"Damages" is insanely over-rated. I watched 2 or 3 episodes and found it trite and boring. To have a piece of crap like that get nominated over "The Wire" is pathetic.

The list of baffling choices is far too long to detail (Charlie Sheen nominated over Larry David as Best Acor in A Comedy for Chrissakes - how do these nominating people expect anyone to take them seriously with nonsense like that?) so I'll mention a few of my favorite unexpected choices:

- Glynn Turman on "In Treatment".
- Ricky Gervais and Ashley Jensen for "Extras" (in the Miniseries category...wasn't it a series?)
- "Intervention" for best reality show

Alan Sepinwall said...

Ricky Gervais and Ashley Jensen for "Extras" (in the Miniseries category...wasn't it a series?)

They're nominated for the Christmas movie, which aired and was produced separately from the second season and therefore qualifies as a stand-alone movie.

Anonymous said...

It's nice that the reality hosts have a category now, but what about all of the non-host participants? I'd much rather see Tim Gunn or Simon Cowell get an Emmy than Heidi Klum or Ryan Seacrest.

SJ said...

One thing which really irks me is how The Wire's cast gets no love from The Emmys. It is absolutely wonderful. It doesn't feel like acting. It feels like you are watching real people.

Anonymous said...

Meh. I'm glad the Emmy voters are expanding their horizons a bit, but tonnes of these nods go to shows I either don't watch or can't watch (due to geographical/monetary constraints).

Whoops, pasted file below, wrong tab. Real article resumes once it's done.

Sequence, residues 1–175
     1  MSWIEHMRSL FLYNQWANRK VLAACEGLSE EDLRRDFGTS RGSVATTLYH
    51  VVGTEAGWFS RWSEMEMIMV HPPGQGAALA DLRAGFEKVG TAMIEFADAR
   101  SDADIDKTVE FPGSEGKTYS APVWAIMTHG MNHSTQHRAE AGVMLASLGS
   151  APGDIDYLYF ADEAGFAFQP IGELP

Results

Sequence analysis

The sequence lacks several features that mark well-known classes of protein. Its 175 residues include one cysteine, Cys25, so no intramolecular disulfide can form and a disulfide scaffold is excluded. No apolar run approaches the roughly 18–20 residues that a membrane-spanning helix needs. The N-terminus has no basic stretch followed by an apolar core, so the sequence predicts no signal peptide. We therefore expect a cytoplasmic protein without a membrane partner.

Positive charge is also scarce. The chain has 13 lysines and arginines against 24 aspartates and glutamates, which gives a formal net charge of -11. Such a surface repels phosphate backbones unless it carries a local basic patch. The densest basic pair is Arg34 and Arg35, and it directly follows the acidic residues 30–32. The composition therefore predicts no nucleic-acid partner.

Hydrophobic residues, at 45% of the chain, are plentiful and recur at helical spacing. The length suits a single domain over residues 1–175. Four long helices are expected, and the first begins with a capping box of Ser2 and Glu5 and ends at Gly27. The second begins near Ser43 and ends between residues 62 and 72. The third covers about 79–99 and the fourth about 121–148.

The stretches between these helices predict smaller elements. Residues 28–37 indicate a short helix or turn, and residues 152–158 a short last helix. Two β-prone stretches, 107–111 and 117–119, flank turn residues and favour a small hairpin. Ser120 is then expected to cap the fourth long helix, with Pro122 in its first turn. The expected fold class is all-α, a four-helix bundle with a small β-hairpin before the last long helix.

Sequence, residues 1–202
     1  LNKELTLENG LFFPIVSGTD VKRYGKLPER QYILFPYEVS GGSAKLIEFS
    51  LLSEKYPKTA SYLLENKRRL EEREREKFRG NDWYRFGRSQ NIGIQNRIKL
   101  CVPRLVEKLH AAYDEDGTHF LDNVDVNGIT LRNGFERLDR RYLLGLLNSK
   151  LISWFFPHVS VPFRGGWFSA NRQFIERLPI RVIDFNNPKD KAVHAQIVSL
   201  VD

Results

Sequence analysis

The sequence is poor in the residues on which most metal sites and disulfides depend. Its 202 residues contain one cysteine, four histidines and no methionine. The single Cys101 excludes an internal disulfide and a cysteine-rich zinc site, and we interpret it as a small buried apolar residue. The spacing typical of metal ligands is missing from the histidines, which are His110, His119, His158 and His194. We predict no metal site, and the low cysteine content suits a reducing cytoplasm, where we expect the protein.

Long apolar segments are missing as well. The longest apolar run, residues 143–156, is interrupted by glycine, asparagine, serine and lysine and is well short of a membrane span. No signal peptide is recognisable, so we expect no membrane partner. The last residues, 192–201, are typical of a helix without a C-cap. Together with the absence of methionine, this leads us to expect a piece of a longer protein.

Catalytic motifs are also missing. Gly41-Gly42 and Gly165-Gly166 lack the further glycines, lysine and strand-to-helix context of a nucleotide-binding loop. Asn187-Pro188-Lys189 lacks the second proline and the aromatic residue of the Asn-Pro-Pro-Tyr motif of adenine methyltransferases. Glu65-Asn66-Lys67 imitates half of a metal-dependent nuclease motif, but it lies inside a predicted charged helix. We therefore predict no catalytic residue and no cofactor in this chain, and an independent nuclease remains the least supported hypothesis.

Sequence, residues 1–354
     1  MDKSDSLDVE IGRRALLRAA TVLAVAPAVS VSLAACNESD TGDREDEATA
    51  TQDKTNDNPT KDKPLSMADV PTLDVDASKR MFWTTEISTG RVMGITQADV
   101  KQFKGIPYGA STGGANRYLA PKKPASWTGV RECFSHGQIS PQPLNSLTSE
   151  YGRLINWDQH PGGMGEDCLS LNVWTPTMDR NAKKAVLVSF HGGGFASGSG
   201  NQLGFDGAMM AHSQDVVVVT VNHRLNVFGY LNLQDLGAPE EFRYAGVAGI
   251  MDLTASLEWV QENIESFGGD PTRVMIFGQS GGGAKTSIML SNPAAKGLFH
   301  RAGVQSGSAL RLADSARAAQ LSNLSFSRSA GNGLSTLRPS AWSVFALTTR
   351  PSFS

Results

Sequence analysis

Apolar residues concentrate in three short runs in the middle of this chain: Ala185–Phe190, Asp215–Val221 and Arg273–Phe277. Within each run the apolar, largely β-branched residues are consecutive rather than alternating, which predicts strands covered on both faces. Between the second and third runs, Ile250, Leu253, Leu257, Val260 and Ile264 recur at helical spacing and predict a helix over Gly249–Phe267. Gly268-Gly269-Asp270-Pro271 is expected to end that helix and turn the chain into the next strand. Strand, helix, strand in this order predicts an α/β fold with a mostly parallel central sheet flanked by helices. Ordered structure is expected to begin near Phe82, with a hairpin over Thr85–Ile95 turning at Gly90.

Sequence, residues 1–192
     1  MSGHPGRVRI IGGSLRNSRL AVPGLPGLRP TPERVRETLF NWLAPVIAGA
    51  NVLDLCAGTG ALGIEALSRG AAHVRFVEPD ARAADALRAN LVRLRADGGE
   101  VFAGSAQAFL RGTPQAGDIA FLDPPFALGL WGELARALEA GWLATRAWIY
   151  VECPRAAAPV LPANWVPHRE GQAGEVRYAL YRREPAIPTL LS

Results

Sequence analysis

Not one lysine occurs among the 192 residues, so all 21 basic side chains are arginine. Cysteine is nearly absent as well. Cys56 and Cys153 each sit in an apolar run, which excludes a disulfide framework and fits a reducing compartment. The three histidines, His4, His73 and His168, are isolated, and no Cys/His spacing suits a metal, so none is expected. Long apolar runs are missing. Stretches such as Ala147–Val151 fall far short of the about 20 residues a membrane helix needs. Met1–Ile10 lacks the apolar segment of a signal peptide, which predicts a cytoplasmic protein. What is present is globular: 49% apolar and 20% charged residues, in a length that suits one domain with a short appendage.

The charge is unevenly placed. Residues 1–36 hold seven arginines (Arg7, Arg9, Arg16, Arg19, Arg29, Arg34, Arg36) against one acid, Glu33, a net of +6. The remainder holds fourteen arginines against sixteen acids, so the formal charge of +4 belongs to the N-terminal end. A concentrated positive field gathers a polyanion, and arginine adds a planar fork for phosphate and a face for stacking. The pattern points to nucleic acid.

I'm pleased for Lee Pace and for Stewart and Colbert. I'm pleased for Kristin Chenoweth, too, although I figured her nomination was a lock, and I'm really glad that "Dummy" from Pushing Daisies got a mention. No love for poor Chuck aside from a nod for the title sequence, which will lose to Mad Men even though it's better.

And, seriously, do Mad Men and Dexter get better? I've seen the first two and three episodes, respectively, and just about died of boredom in both cases.

Antid Oto said...

And, seriously, do Mad Men and Dexter get better? I've seen the first two and three episodes, respectively, and just about died of boredom in both cases.

The only thing saving Dexter is Michael C. Hall. The writing is clunky and not a single other person in the entire series can act worth a damn. And I feel the same way as you about Mad Men. I just tried to watch the first season because all my friends are raving about it, and after four episodes I gave up. Boring is too kind for it. Every character other than the lead is annoying, and I can't figure out why I'm supposed to be invested in the problems and concerns of 1960. It feels like the show is fighting old battles for reasons that have nothing to do with today, and somehow it manages to come off as both smug and nostalgic at the same time, a rare trick.

As for The Wire, I'm convinced that part of the reason it could never catch on with older viewers such as those who dominate the Emmys is that they literally could never understand it. I tried to get my mother into it, and all she had to say about it was, "I never understood what anybody was saying." I wonder whether the combination of unfamiliar Baltimore accents and slang, along with the fact that you really have to pay attention to pick up the many threads of the complicated plot, might have doomed it with older people. That and the fact that the cast was mostly black. How many non-white actors ever get nominations, exactly?

Anonymous said...

I'm thrilled to see that 4 of the 5 shows I voted for in the drama panel made the cut. (On my ballot, The Wire took Boston Legal's spot, naturally.)

Dexter especially is a nice surprise, as I really feared that Grey's Anatomy was going to squeak in.

Anonymous said...

So how does John Cryer get a supporting actor nomination? Nothing to do with his performance, but isn't he a lead actor along with Charlie Sheen? Confusing.

Same with Robert Morse (Bert Cooper on Mad Men) getting a Guest Actor Nomination? He's not in every episode but he sure is in lots of them. And he's great!